The samba drums may have been pounding but it was the Young Socceroos that danced to the rhythm in defeating Brazil 1-0 in the opening game of the SBS Youth Challenge Series. An enthusiastic crowd of 10,000 turned out at Fremantle Oval on the evening of 5 December 1992 to witness Australia take on the world’s greatest footballing nation.
Brazil entered the fixture as favourites, however, they would play second fiddle to a stylish Young Socceroos outfit lead by man-of-the-match Tony Carbone. In fact, the Australian line-up had a very strong local flavour with Carbone, Vince Matassa, Marc Wingell and Vas Kalogeracos all playing major roles in the success.
“It was a disciplined performance and we stuck rigidly to our game plan,” said Young Socceroos coach Les Scheinflug following the first of the four-game friendly series. “We kept them under pressure in the first half and our defence coped magnificently when the Brazilians tried to get back into the game.”
“This kind of result would have been unthinkable a few years ago. We would have been so much in awe of teams like Brazil that they would virtually have started two-up. But our young players have shown in recent years around the world that we can now hold our heads high in international competition.”
The Young Socceroos were given an early scare when Wingell’s ill-directed defensive header threatened to give Brazil the lead. Play was quickly spirited to the opposite end where Kalogeracos was thwarted by goalkeeper Dida, who would go on to make 91 senior international appearances for the Seleção.
Dida spread himself again on 17 minutes to frustrate Kalogeracos for a second time. Australia were by this stage in control of the game and pressing to break through. Jim Tsekinis was unable to capitalise on a trio of opportunities while Craig Moore headed over the crossbar from an Ante Moric free-kick.
Scheinflug’s decision to inject Richard Alagich into the action for the second half came with immediate effect. Urged to get forward to expose a tiring Brazilian defence, the South Australian teenager got himself on the end of a strong build-up to net from 5-metres after less than 30 seconds on the park.
Brazil dug deep in an effort to get back on level terms only to be held at bay time and time again by defensive quartet of Carbone, Moore, Wingell and Kevin Muscat. Substitute Savio did manage to wriggle through but his attempted shot flashed across the face of Matassa’s goal.
While both teams showed great skill, it was the Young Socceroos that carved out the better openings. Moric’s fierce free-kick from distance in the 70th minute was taken at the second attempt by Dida. And the game was close to an end when substitute Nick Radecki stretched Brazil’s defence but his shot was blocked.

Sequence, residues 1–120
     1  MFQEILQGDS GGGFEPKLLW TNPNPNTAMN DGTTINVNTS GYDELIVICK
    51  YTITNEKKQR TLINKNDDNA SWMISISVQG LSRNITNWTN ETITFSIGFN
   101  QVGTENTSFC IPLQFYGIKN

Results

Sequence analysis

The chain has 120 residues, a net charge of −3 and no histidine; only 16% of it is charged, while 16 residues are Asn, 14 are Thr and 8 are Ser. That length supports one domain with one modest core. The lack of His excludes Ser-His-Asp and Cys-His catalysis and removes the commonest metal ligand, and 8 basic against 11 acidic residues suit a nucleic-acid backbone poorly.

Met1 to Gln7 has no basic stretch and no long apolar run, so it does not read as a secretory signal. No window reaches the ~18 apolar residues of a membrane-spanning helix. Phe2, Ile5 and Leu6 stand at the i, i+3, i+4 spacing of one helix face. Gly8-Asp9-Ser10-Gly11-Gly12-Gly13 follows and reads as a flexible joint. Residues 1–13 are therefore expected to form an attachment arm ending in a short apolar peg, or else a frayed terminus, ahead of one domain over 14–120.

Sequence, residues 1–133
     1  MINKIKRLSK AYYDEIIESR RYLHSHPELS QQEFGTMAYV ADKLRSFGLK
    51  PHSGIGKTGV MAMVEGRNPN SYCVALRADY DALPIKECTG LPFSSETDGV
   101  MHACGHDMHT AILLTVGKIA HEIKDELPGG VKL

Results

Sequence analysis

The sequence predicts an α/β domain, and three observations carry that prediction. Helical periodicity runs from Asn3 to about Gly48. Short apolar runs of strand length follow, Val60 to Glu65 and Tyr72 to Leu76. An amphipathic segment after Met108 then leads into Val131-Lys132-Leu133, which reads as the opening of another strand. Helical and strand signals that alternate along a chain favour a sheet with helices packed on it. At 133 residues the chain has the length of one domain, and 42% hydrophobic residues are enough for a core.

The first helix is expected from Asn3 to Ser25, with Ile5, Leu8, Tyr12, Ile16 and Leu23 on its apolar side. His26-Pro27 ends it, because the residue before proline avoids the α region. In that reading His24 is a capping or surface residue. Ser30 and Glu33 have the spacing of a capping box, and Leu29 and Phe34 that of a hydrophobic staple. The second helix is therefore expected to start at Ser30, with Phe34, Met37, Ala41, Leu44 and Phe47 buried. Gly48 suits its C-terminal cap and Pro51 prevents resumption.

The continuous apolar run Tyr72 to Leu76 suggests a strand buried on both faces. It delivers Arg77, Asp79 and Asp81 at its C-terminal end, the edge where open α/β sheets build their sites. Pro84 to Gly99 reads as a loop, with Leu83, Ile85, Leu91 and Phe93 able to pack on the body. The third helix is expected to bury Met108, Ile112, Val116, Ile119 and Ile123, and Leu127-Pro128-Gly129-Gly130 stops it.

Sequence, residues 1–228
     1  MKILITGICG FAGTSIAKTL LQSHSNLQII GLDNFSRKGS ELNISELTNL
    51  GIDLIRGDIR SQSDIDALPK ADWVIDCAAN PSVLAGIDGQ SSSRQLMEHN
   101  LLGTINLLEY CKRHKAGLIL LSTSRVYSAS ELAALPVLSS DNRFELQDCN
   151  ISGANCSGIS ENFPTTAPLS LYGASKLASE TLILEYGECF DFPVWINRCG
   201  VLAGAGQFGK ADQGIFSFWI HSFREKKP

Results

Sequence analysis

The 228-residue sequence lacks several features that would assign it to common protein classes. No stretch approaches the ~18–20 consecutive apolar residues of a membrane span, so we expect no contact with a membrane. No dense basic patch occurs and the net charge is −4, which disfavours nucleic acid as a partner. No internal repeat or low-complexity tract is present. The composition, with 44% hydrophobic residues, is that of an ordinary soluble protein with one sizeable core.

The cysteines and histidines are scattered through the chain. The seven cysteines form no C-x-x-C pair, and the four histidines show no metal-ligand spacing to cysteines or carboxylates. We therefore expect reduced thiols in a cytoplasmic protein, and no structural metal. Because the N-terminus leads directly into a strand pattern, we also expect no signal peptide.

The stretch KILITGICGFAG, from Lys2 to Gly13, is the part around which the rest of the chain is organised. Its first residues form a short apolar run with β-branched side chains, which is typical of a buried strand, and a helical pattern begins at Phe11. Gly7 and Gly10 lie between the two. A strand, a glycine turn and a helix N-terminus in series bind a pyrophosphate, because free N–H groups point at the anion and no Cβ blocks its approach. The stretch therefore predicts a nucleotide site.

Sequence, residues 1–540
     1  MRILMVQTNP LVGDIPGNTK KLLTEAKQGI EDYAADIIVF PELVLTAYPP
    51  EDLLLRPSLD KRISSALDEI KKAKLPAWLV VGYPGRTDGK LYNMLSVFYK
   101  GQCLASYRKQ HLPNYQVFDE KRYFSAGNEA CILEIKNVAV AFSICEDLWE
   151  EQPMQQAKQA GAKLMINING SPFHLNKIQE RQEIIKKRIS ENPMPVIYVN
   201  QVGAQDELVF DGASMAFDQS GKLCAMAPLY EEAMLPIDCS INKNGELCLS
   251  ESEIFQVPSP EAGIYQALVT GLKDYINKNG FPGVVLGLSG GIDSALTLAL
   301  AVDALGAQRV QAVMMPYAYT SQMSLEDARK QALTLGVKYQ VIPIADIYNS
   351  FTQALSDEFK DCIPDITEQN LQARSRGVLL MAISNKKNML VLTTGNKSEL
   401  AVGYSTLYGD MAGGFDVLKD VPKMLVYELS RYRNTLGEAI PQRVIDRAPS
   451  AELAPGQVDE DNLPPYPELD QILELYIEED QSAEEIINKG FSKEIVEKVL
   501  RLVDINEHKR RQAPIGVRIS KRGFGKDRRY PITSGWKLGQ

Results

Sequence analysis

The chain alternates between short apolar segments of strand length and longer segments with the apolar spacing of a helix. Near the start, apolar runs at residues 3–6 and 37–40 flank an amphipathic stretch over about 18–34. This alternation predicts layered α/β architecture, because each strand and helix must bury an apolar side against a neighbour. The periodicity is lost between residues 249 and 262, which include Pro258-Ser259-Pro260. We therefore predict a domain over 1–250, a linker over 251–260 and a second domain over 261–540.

1992 SBS Youth Challenge Series
Australia 1 (Richard Alagich 46)
Australia (squad): Vince Matassa, Kevin Muscat, Craig Moore, Tony Carbone, Marc Wingell, Sean Cranney, Peter Tsekenis, Vas Kalogeracos, Jim Tsekinis, Ante Moric, Goran Lozanovski, Frank Juric, Fabio Macolino, Paul Dee, Vas Trpcevski, Ante Juric, Richard Alagich, Nick Radecki
Brazil (squad): Dida, Andre, Wagner, Argel, Juarez, Rodrigo, Pereira, Tomy, Cal Baiano, Gian, Didi, Fabio, Savio, Hermes, Yan, Fabinho
Officials: David Mortimer, Marilyn Learmont, Eddie Lennie, Andy Gorton
The SBS Youth Challenge Series came in the middle of a busy twelve-months for the Young Socceroos. The previous March the Under-20s undertook a four-week tour of Germany, the Netherlands and Belgium during which they played nine-games against the likes of Borussia Dortmund, Royal Antwerp and Ajax Amsterdam.
In September Australia placed fourth at the Venezuelan International Tournament. Four wins from their group outings secured a semi-final showdown with Brazil, who triumphed on penalties, after which the Young Socceroos succumbed to Chile in the minor place play-off. Three post-tournament games awaited in Uruguay and Chile.
Those experiences, coupled with the SBS Youth Challenge Series, proved invaluable when Australia hosted the 1993 World Youth Championship the following March. The Young Socceroos booked their spot in the knock-out stage with defeats of Colombia and Russia before going down to Cameroon in their final group game.
Carbone made history in the quarter-finals by scoring the world’s first extra-time golden goal to steal a 2-1 win over Uruguay (view highlights of the game). The Young Socceroos met Brazil in the round of four with the South American’s progressing 2-0. Australia had to settle for fourth overall after bowing to England 2-1 in the minor place play-off.